It was bizarre to revisit Columbus, the city that inspired my long-distance travel, after over 8 years of adventure. The four years that I had spent as a homeowner in the suburb of Dublin were but a distant featureless blur in my memory… dotted by moments of love and technopassion, to be sure, but somehow reflecting the sameness of this part of the world. Still, every now and then… drawn by old friends, company visits, or just the route of I-70… I would pop back into town for a brief and surreal glimpse of where I might have been had not a strange epiphany changed my life in 1983. Unimaginable, really…
by Ron Lietzke
Columbus Dispatch – April 28, 1992
What Steve Roberts enjoys most in life is pedaling along and doing his job, but fame is fast catching up with the former Dublin resident who makes his living writing, talking and consulting about computer technology.
It wouldn’t seem that such a person would attract much media attention. But then, most freelance consultants don’t work on a 580-pound recumbent bike loaded with 1.2 million worth of the latest computer and telecommunications equipment.
Roberts, who strives to dissolve barriers between work and play, is scheduled to appear soon on ABC’s Good Morning America, Donahue and in People magazine. He was featured last week in The Wall Street Journal.
So, this technological free spirit laments that his life is a little tied up for the next month.
The bike’s devices — computers, cellular telephone, satellite communications and ham radio — are powered by solar cells.
“I can have my cake and eat it, too,” said Roberts, an avid cyclist. “The technology allows me to connect to the world.”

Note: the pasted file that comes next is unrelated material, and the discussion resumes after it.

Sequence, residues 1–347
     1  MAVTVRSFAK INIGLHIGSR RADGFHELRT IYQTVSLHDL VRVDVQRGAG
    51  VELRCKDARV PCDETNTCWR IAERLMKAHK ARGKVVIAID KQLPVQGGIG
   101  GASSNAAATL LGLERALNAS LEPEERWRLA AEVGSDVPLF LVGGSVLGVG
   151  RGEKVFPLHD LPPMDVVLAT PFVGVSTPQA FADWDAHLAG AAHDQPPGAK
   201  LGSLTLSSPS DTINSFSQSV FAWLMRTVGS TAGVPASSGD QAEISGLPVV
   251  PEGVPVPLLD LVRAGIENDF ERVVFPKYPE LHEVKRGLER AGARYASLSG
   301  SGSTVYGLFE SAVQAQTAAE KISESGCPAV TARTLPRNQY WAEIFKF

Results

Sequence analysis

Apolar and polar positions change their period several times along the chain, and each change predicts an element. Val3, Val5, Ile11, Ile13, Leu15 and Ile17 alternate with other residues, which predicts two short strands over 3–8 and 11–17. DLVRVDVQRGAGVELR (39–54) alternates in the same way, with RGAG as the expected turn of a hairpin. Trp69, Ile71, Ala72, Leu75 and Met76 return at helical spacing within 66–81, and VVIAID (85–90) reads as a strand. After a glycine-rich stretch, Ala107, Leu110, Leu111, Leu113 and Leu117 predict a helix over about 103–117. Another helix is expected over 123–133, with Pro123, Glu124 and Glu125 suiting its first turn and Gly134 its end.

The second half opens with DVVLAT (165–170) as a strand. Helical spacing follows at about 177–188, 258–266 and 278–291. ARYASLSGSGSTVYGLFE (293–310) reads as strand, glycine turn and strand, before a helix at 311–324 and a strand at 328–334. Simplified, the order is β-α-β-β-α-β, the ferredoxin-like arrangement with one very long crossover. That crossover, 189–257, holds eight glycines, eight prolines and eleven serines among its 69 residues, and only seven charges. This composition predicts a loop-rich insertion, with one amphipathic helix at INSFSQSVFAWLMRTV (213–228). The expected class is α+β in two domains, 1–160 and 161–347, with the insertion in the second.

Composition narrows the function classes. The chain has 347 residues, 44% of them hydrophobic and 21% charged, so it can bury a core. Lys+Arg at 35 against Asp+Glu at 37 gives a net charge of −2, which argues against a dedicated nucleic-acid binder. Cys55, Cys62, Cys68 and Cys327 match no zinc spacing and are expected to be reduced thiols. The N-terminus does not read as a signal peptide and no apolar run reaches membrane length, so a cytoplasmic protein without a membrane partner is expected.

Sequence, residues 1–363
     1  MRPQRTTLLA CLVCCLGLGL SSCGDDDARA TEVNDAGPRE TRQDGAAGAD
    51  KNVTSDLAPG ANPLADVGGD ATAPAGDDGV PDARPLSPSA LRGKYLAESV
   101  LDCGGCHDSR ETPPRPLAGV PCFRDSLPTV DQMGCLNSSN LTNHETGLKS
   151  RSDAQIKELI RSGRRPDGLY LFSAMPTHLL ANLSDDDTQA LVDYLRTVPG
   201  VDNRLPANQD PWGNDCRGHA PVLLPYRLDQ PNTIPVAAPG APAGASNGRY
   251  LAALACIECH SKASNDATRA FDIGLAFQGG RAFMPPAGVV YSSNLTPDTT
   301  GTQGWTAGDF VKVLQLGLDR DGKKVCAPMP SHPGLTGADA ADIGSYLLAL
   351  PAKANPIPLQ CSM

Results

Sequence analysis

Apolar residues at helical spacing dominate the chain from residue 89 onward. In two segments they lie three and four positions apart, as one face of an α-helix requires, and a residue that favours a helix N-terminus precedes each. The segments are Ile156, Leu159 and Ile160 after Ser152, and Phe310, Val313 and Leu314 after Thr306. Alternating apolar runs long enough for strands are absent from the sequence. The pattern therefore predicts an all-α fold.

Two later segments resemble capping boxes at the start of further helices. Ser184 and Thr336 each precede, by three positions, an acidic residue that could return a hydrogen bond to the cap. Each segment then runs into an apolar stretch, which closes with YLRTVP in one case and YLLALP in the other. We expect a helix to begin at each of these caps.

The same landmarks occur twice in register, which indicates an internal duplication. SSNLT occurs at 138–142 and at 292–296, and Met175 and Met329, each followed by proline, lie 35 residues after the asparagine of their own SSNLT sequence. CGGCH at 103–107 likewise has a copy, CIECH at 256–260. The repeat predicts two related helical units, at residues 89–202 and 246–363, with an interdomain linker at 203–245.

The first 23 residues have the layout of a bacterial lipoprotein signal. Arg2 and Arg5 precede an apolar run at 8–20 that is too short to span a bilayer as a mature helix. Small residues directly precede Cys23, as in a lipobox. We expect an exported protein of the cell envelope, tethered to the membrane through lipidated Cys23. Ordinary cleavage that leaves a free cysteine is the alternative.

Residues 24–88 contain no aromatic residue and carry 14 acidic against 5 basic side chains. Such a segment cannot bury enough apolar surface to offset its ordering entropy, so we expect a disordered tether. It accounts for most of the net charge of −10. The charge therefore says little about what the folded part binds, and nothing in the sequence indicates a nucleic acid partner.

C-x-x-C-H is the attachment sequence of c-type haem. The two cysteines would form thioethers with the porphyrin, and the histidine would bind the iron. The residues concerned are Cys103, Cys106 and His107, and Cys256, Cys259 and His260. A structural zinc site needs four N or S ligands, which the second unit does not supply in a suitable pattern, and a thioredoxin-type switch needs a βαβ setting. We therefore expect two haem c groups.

Roberts was in Columbus yesterday to add more gear to the bike, called Behemoth (Big Electronic Human-Energized Machine … Only Too Heavy) — a virtual office on wheels that enables him to communicate with clients and pen a high-tech journal, Nomadness, while pedaling through the countryside at 9 mph.
Technicians at Columbus-based Morning Star Technologies Inc. were helping add a communications device that will enable Roberts to do multiple computer tasks over telecommunications links as if in a sophisticated office network.
Nearly all the electronics on Behemoth are supplied by manufacturers who view Roberts as pushing technology to the limit. It has taken 45 volunteers and equipment from 150 sponsors to make Behemoth what it is today.
“This has never been intended as a publicity stunt, but the best solution to the problem,” he said about melding man with machine. “Industry sees me as a caricature of rolling technology.”
Roberts, who also has published several books and does speaking engagements, calls himself a hobbyist
“The perception is that a lot of these tools have terrible complexity,” he said. “In reality, they can be very liberating. This gives me a lot of freedom. If I want to be on the bike, I can be productive.”
In addition to showing that sophisticated computer technology can be liberating, Roberts said his message also involves the dream of doing what one really wants to do.
And he vows that all the recent publicity is not likely to take away from his lifestyle or the messages. “So far it’s been OK,” he said, “because the bike is famous, not me.”
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